Impossibly beautiful in the low light of evening, Iron Gate exudes old Washington elegance while serving up some potent drinks.
Overall Rating: 4.25
“So when the iron portal shuts behind us,
And life forgets us in its noise and whirl,
Visions that shunned the glaring noonday find us,
And glimmering starlight shows the gates of pearl.”
-Oliver Wendell Holmes
I’ve always had a good time eating at the cozy and splendid DC restaurant Iron Gate but, sadly, never sampled the cocktails. This is unforgivable, as Iron Gate recently found its way onto Eater DC’s 15 best DC-area cocktail bars, while beverage director Jeff Faile’s drink list at B Side in Mosaic is amazing. First off, I love the bar’s aesthetic – built into a Civil War-era stables (read the interesting history here), its high ceilings and Old Yankee furnishings lend a sophisticated and elegant aura to any evening. Regarding the drinks, Iron Gate offers ten quality and adventurous cocktails, with one standout. Faile’s selection brings in a lot of interesting and diverse ingredients particularly the gins, Italian liqueurs, and bitters, so you’ll probably leave Iron Gate with some tastes you haven’t experienced before.
We started with the big standout, the “Nicolaki” with Aylesbury vodka, greek yogurt (!), honey, lemon, and rosemary. No surprise, the yogurt is the most intriguing ingredient, and brings a soft and delightful sensation that is perfectly matched to the rest of the drink. The rosemary also kicks in at the end, and the honey glint offers a really nice aftertaste. I really love this drink, and might try to work it into my home-bar rotation at some point. Next up was the “One by One” with Green Hat Gin, blackberry liqueur, lemon, and tonic. This was a pretty standard fruity drink, with the blackberry working well with the herbal notes of the Green Hat. I’m not a huge fan of the blackberry flavor, but it’s fine here.
The “Fattoria” is made of Sobieski, St. Germain, Contratto Aperitif, lime, and ginger beer. This is a very faint and light drink that makes nice use of the elderflower, ending in a sensation the recalls a Moscow Mule. Like the “One By One” this is a nice, no-frilles, standard sipper. Next up was the “Carry the Zero” with Hendrick’s Gin, Rothman and Winter pear, Wigle spiced honey, and lime. I was really excited when I ordered this one because I love all the ingredients on their own. The end result was a little underwhelming though – the honey plays well here and lends good texture to the overall mix, but I felt like something just didn’t “click.” The front half just tasted a bit off to me.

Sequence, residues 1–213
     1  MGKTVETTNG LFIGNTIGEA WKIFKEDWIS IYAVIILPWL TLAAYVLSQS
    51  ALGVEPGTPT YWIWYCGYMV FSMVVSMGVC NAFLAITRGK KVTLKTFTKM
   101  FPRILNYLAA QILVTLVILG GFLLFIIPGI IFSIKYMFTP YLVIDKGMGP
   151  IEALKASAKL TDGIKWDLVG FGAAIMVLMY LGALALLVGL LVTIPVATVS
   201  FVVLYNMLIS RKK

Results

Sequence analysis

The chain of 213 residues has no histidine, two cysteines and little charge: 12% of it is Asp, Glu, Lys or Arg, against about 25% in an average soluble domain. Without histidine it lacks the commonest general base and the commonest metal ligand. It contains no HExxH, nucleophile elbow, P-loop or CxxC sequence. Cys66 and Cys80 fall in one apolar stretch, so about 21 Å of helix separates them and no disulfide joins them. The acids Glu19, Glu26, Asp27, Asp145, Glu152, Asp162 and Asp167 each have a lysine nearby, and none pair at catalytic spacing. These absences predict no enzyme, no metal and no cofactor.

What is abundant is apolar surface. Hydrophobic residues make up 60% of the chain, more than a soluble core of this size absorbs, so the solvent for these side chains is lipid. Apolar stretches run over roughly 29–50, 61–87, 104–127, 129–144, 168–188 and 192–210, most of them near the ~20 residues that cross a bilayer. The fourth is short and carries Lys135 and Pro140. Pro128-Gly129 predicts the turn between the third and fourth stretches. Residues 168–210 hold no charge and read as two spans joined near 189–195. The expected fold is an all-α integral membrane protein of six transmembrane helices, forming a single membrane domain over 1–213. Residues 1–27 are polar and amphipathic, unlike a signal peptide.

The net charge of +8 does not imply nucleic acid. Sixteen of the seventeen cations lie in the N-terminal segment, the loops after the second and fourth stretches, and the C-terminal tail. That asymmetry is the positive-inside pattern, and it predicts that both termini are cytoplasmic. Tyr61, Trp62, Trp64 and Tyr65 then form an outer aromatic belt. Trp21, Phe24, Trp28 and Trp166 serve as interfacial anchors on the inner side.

On to “Bijou” with Old Tom Gin, Boomsma Cloisterbitters, and Cocchi Torino. This was very intriguing, bitter taste, heavily influenced by the bitters and Torino. I sensed an almost Coca-Cola tinge, and it has a little too much licorice taste in it for me. So not great, but very very interesting; a taste to mull over. Next was the “Maybe on Monday” with Bols genever, Amaro Zucca, and Mancino vermouth. Again, a fascinating and new taste, I sensed an almost grape and, again, licorice hint off of the Zucca and vermouth. It’s smokey, very rich, and thick – I liked it.
“Woven Birds” brings Cabeza tequila, mezcal vida, beatnik liqueur, and lime. I was intimidated by the tequila and mezcal mix but the final result was very good. The tequila is strong up front but gives way to a rich, consistent, and complex sensation through the rest of the drink. Liked it. Then we had the “Meletto #3” with Daron calvados, Cardamaro, cinnamon syrup, and lemon. This was one of my favorite drinks at Iron Gate, a great and measured taste. With an almost ginger-ish pop off of the cinnamon syrup and lemon mix, this was a really refreshing and pleasant experience.
Moving into the home stretch, I had the “Rattled by the Rush” with Barr Hall gin, Amaro Nonino, Domane De Canton, and honey. This was a very good, almost orange-ish taste that is heavy on the citrus. Rich and vibrant, it relays a good bite throughout. We finished with the “Whisper Tames the Lion” with Pikesville Rye, Nardini Bassano, Contratto bitters, and cointreau. The rye in this drink just hits you hard right in the face up front – this is a pretty simple drink with a heavy rye bent, didn’t pick up much on the cointreau or anything else.